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BACKGROUND: An increase in serum alpha-glutathione S-transferase concentration (GST) has been shown to be a more sensitive and specific marker of hepatocellular damage than equivalent increases in transaminase activities. A randomized clinical trial of 60 liver transplants in 49 patients was carried out to assess the clinical benefits of GST monitoring as a supplementary test to routine liver function tests during the first 3 postoperative months after liver transplantation. METHODS: Mortality and morbidity were compared in graft recipients who had their GST reported daily to the ward (reporting group) and graft recipients who did not. RESULTS: The 3-month survival rate was significantly greater in the reporting group (P=0.033) and the risk of graft loss was halved (relative hazard ratio=0.50; P=0.29). The reporting group also had significantly more patients who spent less than 3 weeks in the hospital throughout the follow-up period (P=0.036). In addition, the reporting group experienced a lower frequency of biopsies per graft (P=0.038), less severe rejection (P=0.015), and a lower incidence of infection episodes per graft (P=0.03). GST increased by >50% above the upper limit of the reference range at a median of 1 day before the equivalent change in alanine transaminase in association with allograft rejection in the combined groups (95% confidence interval=1 to 2 days) but was lower on the day of diagnosis of rejection in the reporting group (P=0.02). This is compatible with the earlier diagnosis of rejection in the reporting group. CONCLUSIONS: We conclude that the monitoring of GST may improve patient care, reducing both mortality and morbidity.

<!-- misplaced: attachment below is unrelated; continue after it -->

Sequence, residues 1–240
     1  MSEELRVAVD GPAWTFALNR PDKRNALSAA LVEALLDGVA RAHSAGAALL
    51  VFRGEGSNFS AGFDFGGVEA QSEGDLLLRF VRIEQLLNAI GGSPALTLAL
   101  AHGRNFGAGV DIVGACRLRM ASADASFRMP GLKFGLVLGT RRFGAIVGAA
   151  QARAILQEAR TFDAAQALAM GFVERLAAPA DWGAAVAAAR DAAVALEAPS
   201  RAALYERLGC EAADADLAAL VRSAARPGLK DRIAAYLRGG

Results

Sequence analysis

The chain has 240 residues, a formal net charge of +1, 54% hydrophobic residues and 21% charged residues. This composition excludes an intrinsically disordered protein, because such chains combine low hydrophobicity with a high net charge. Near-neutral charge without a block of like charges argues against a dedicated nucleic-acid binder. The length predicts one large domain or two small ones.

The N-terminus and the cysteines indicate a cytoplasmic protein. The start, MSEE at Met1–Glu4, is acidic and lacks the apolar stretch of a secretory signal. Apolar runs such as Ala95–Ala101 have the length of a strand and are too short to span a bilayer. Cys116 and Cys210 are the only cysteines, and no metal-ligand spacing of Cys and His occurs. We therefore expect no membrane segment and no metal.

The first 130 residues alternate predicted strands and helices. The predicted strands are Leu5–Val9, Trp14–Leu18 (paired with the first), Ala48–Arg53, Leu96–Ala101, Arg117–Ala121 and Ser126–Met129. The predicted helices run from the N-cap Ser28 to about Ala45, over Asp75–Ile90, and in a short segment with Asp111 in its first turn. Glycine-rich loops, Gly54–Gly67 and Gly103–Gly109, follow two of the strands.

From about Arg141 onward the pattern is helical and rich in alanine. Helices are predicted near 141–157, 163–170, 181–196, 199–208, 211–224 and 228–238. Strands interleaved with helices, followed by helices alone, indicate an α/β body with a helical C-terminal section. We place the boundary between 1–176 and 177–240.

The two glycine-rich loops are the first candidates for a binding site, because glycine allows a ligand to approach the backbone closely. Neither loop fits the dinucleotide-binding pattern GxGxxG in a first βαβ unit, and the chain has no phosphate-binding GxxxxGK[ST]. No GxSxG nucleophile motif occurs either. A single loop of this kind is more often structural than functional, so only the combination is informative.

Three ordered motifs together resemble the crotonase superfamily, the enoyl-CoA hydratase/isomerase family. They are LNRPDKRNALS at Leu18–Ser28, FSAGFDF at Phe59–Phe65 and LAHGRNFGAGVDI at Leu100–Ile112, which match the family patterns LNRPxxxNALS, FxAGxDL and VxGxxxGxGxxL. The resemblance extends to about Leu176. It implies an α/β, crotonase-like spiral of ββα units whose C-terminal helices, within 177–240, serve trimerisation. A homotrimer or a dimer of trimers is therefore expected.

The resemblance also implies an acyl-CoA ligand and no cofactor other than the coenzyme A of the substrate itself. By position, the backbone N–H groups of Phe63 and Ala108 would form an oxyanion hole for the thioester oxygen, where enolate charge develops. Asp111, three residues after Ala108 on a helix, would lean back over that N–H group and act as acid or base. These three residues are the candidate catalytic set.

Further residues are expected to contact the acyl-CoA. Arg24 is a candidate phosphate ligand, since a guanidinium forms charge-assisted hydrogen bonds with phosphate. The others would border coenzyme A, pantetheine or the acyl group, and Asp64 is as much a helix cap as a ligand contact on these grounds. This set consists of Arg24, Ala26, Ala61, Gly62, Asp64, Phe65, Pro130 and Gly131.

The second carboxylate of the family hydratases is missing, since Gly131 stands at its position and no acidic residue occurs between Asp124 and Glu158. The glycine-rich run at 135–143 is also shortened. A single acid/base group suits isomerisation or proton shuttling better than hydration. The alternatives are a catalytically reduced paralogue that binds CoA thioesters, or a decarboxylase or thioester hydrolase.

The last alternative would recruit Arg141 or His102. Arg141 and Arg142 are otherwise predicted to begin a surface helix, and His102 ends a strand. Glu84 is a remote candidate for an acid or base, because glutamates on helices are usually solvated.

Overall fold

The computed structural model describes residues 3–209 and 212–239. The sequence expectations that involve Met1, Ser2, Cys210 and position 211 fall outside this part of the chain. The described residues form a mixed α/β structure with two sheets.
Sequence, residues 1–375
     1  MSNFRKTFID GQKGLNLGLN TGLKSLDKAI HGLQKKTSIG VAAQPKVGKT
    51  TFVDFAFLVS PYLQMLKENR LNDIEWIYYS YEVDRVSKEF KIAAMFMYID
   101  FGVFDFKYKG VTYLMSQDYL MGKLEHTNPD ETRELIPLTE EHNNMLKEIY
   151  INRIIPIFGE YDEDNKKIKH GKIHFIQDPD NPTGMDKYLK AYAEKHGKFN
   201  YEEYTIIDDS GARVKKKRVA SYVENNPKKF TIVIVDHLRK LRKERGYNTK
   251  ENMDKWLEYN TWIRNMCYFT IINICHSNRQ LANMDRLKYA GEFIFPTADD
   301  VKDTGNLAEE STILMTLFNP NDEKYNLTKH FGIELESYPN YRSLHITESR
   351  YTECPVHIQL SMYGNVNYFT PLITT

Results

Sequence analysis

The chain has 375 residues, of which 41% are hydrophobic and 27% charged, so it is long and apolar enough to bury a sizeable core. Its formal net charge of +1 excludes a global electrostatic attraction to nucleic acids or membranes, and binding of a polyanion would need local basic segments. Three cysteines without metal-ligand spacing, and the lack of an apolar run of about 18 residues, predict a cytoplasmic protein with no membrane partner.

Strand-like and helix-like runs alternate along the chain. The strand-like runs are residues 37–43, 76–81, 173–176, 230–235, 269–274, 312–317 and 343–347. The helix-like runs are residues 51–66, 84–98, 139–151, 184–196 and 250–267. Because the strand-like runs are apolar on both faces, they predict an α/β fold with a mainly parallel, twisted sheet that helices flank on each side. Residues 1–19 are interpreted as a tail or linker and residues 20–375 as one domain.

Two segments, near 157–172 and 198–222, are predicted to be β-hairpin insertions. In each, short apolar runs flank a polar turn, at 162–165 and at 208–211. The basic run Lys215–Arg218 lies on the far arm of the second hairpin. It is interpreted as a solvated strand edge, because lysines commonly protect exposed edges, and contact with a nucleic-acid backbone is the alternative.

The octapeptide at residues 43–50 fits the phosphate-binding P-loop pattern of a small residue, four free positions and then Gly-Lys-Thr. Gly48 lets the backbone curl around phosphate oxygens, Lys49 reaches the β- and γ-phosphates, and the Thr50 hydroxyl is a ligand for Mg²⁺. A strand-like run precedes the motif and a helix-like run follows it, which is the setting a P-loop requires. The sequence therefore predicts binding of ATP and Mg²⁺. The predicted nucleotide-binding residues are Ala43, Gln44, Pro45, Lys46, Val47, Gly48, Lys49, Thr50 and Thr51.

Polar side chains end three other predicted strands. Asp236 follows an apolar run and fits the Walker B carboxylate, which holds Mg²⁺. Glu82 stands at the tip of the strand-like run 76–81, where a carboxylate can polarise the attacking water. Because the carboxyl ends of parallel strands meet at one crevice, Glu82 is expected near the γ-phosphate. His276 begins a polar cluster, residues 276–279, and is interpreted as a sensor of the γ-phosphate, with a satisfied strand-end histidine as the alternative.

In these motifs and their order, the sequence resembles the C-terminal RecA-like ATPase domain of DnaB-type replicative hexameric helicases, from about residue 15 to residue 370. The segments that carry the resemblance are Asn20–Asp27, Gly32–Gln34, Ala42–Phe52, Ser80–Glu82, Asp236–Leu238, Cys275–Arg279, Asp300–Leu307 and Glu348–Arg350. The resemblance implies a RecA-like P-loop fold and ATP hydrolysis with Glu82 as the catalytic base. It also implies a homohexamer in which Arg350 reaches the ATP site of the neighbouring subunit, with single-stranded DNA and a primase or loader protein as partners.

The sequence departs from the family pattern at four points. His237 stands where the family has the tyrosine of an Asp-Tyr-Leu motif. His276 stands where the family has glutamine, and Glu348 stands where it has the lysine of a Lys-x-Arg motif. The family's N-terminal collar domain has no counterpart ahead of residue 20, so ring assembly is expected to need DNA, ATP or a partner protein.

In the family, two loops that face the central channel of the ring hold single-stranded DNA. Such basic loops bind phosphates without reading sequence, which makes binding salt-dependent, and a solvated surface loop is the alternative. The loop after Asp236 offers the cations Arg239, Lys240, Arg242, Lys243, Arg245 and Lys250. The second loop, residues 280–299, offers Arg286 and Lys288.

Original publication




Journal article



Publication Date





1446 - 1452


Adult, Evaluation Studies as Topic, Female, Glutathione Transferase, Humans, Liver Transplantation, Male, Middle Aged, Monitoring, Physiologic